Having established in verse 1 that we are dead, our salvation cannot be of works, for dead men cannot work! The second reason given for the fact that it is not of works is that no man ‘should boast’ before God regarding any salvation that he thinks he can attain to. The only boasting that will be known in heaven’s courts is that which boasts in the finished work of the Lord Jesus to secure our salvation. Revelation chapter 5 sets forth the One who is worthy, and who will have all the adulation for the salvation into which we have been brought.
Before our conversion we were controlled by ‘the prince of the power of the air’, and he worked in our lives to produce disobedience to God. Now we discover that after conversion a new power is working within us as we have become His workmanship. The word ‘workmanship’, poiema, relates to something made, and that which is made is seen as a ‘poem’. It is used of the original creation in Romans chapter 1 verse 20 where it is evident that man sees this handiwork of God, but refuses to believe the sight of his eyes. Another ‘poem’ has now been written which is the salvation of sinners. This is further evidence to men of the transforming power of God that makes us new creatures in Christ Jesus, and, as Peter writes, it baffles men that we ‘run not with them to the same excess of riot’, 1 Pet. 4. 4.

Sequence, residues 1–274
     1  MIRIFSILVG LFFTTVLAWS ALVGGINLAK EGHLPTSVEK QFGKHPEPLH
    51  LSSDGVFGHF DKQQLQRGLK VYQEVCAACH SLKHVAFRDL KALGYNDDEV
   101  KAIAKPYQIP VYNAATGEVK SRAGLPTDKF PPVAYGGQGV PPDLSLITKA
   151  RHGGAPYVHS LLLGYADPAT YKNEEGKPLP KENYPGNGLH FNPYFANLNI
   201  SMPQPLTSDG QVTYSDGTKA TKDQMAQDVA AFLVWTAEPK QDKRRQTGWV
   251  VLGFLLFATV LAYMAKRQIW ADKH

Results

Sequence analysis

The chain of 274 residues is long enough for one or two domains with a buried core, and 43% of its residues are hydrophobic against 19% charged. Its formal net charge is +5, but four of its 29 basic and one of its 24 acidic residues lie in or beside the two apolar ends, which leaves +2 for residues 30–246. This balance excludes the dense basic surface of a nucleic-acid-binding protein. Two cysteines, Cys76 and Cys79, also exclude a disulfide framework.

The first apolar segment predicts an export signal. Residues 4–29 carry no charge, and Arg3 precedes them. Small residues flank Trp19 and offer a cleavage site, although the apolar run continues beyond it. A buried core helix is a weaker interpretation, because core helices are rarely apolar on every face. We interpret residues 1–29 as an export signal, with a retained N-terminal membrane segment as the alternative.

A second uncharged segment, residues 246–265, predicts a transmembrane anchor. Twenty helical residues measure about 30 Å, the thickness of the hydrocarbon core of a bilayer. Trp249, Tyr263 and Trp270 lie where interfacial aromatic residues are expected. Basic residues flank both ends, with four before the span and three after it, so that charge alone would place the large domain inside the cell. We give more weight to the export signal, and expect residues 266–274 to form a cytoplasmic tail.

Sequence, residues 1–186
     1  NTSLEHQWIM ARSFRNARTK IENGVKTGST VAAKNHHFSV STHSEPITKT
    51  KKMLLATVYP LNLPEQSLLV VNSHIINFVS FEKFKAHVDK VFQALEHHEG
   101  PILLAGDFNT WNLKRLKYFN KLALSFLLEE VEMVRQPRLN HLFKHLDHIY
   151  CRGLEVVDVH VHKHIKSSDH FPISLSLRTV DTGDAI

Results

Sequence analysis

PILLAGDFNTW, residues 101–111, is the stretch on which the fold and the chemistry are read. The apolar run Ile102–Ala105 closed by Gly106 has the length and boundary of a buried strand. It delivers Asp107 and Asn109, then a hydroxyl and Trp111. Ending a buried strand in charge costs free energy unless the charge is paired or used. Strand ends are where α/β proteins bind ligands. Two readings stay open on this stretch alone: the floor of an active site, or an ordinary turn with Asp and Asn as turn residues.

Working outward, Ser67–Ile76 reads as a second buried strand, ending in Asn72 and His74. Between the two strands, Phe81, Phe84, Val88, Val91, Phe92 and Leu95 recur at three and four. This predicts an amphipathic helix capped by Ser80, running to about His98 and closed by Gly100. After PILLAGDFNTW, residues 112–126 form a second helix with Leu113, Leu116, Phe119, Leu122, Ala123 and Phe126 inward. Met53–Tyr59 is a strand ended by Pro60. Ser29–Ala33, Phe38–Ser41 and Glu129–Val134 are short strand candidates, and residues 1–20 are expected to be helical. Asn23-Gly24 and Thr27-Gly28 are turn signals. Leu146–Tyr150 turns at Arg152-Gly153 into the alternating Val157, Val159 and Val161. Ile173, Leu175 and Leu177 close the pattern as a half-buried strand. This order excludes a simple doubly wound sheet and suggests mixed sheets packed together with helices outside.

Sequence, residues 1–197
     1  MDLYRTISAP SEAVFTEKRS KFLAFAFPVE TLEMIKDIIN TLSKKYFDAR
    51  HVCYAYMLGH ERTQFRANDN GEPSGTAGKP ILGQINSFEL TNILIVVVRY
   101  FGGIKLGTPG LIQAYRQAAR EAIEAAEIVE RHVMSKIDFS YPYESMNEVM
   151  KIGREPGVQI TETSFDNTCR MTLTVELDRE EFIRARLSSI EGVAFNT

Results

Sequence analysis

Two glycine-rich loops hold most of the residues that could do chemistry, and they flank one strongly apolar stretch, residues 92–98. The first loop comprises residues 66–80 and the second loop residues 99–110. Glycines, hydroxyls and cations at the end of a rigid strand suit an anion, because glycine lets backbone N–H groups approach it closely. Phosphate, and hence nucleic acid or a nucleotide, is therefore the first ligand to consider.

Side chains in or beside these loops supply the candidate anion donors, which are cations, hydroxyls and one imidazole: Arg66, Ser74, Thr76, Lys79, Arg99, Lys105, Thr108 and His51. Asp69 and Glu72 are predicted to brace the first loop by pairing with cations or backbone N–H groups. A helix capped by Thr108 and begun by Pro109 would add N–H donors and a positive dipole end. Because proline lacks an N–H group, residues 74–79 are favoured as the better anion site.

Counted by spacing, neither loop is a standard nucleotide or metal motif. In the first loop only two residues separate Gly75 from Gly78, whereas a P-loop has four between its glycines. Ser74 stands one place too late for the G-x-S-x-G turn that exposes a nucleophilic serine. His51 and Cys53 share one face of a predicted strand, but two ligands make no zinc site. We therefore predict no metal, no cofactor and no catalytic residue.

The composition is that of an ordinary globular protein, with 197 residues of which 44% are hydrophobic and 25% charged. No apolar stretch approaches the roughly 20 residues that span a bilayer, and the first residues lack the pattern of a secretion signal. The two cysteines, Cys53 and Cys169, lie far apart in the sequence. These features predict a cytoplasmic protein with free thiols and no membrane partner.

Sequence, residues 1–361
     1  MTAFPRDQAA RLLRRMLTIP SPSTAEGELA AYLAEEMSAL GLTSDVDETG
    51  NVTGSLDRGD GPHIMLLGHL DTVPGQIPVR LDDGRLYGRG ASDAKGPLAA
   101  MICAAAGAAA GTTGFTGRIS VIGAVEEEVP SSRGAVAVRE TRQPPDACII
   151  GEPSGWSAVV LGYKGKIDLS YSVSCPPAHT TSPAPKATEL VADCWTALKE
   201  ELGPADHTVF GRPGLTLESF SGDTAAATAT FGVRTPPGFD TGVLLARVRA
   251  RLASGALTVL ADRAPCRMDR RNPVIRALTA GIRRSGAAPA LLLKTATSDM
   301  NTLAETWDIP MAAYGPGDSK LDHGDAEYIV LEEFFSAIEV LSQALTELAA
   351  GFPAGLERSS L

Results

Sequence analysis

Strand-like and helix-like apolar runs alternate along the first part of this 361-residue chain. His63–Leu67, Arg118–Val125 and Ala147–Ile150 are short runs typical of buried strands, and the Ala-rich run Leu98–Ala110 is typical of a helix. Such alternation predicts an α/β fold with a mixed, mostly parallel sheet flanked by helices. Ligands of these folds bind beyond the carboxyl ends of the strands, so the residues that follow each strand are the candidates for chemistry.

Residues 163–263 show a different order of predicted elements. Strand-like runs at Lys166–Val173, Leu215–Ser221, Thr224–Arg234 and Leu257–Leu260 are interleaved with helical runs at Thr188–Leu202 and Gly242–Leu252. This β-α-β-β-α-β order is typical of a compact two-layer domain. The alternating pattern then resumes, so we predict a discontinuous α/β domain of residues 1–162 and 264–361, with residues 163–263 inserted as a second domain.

This work of God, like everything else in Ephesians, is in Christ Jesus. Nothing is done without Christ, and all that we have is in Christ. This ‘workmanship’ is unto ‘good works’. How different from that which marked our origin in verses 1-3 where all we sought to fulfil was the lust of the flesh and desires of the mind! These works that God would see in our lives were ordained prior to our salvation. The Lord has a pathway for believers to follow, and this has been prepared for us. Even as Christians we are not left to our own thoughts as to the character of life we ought to live, but God has predetermined all He desires us to fulfil, ultimately to glorify Him.
The purpose of God for this age was all designed before the world came into being. In chapter 1, we saw how we were chosen in Christ before the foundation of the world, and the purpose of this choice is explained in the verses following. When we look at verses 10-14, we can see again that God has foreordained that the Lord Jesus will take up universal government during His millennial reign. In association with that, there is the place that we as believers will share, and this was also in the purposes of God. Here, in chapter 2, we realize that the walk that God would have the saints manifest was also foreordained for us. In these things God has mapped out the destiny for all who are redeemed, and desires us to understand His purpose for us.